The discourse of the analyst is concerned with something else. The analyst tries to occupy the position not of the master-signifier (master discourse), not of knowledge per se (university discourse), but rather of something more enigmatic - object a, the object-cause of desire. In practice, this means listening for the effects of the unconscious. In the context of an analysis of discourse, the analyst has to refrain from interpolating themselves as the bearer of the real knowledge about the text. As will become plain, however, this emphasis on the structural features of discourse, and the ways in which it can position subjects, is not purely reflexive. These cartographies offer a useful schema of the dilemmas of those invested in the signifier of ‘whiteness’, and threatened with its loss of potency.
The signifiers of 'privilege'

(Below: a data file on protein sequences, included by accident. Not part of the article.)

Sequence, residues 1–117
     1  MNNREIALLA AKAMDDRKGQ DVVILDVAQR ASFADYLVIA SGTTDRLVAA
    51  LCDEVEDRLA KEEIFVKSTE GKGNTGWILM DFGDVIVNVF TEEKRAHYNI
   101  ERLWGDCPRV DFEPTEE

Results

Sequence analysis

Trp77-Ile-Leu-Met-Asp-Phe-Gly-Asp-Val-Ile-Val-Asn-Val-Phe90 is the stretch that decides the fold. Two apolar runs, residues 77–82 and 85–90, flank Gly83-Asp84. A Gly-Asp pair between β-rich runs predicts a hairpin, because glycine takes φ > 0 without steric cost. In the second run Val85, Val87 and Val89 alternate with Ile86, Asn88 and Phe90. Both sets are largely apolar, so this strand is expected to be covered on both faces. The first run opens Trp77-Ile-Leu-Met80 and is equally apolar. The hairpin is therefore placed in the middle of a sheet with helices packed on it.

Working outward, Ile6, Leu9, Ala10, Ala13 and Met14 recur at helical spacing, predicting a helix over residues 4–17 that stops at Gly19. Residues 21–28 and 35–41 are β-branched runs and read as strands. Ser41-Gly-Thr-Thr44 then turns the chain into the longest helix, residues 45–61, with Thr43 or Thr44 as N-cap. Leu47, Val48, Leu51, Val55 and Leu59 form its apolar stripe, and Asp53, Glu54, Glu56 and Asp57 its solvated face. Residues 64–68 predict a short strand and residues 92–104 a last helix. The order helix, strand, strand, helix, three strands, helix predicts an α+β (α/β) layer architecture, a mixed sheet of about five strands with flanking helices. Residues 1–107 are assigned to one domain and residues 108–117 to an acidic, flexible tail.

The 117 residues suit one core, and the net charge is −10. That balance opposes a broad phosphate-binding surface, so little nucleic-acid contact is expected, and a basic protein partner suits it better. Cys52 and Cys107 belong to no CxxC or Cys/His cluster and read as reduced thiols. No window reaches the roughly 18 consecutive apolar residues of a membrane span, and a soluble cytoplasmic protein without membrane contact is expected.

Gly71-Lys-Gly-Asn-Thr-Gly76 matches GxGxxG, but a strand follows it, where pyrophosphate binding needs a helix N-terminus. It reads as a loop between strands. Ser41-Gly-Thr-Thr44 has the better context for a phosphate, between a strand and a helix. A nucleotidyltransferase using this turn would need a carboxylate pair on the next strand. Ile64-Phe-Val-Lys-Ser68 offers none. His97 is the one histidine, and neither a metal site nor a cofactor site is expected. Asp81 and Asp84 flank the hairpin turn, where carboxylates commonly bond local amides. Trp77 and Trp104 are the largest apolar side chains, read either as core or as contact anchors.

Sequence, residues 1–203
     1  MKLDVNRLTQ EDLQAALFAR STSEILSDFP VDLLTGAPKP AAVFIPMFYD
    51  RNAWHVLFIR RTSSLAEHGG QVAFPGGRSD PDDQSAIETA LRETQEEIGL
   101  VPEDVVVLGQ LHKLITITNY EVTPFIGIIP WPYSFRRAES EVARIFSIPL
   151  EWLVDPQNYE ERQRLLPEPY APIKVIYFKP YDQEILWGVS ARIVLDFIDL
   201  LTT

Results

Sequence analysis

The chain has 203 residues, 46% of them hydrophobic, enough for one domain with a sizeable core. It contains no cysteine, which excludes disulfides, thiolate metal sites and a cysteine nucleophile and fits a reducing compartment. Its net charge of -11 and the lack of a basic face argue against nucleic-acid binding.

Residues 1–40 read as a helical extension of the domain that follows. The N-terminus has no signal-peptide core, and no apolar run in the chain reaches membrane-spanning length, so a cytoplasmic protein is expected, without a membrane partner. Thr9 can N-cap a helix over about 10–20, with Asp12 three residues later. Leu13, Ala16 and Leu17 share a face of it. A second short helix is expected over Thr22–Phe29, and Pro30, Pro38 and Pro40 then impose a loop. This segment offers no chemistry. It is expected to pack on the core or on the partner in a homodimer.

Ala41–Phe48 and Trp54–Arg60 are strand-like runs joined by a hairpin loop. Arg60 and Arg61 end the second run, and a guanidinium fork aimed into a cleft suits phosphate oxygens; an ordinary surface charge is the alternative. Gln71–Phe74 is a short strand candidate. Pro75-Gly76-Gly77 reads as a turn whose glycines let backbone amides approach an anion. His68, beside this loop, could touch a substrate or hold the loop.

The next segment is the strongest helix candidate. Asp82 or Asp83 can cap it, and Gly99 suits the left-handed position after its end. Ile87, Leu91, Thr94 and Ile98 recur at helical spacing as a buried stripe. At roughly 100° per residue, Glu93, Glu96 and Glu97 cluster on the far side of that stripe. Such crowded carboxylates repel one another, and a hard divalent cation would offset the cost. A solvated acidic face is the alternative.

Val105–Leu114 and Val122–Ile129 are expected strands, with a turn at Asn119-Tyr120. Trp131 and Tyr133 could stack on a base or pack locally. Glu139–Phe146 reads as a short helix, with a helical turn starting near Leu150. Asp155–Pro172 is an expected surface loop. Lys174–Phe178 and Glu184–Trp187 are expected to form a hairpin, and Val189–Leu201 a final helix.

“It must be remembered that the white group of labourers, while they received a low wage, were compensated in part by a sort of public and psychological wage. They were given public deference and titles of courtesy because they were white. They were admitted freely with all classes of white people to public functions, public parks, and the best schools. The police were drawn from their ranks, and the courts, dependent upon their votes, treated them with such leniency as to encourage lawlessness. Their vote selected public officials, and while this had small effect upon the economic situation, it had great effect upon their personal treatment and the deference shown them. White schoolhouses were the best in the community, and conspicuously placed, and they cost anywhere from twice to ten times as much per capita as the coloured schools. The newspapers specialised on news that flattered the poor whites and almost utterly ignored the Negro except in crime and ridicule. On the other hand, in the same way, the Negro was subject to public insult; was afraid of mobs; was liable to the jibes of children and the unreasoning fears of white women; and was compelled almost continuously to submit to various badges of inferiority. The result of this was that the wages of both classes could be kept low, the whites fearing to be supplanted by Negro labour, the Negroes always being threatened by the substitution of white labour.” - W E B Du Bois (1965: 700-701)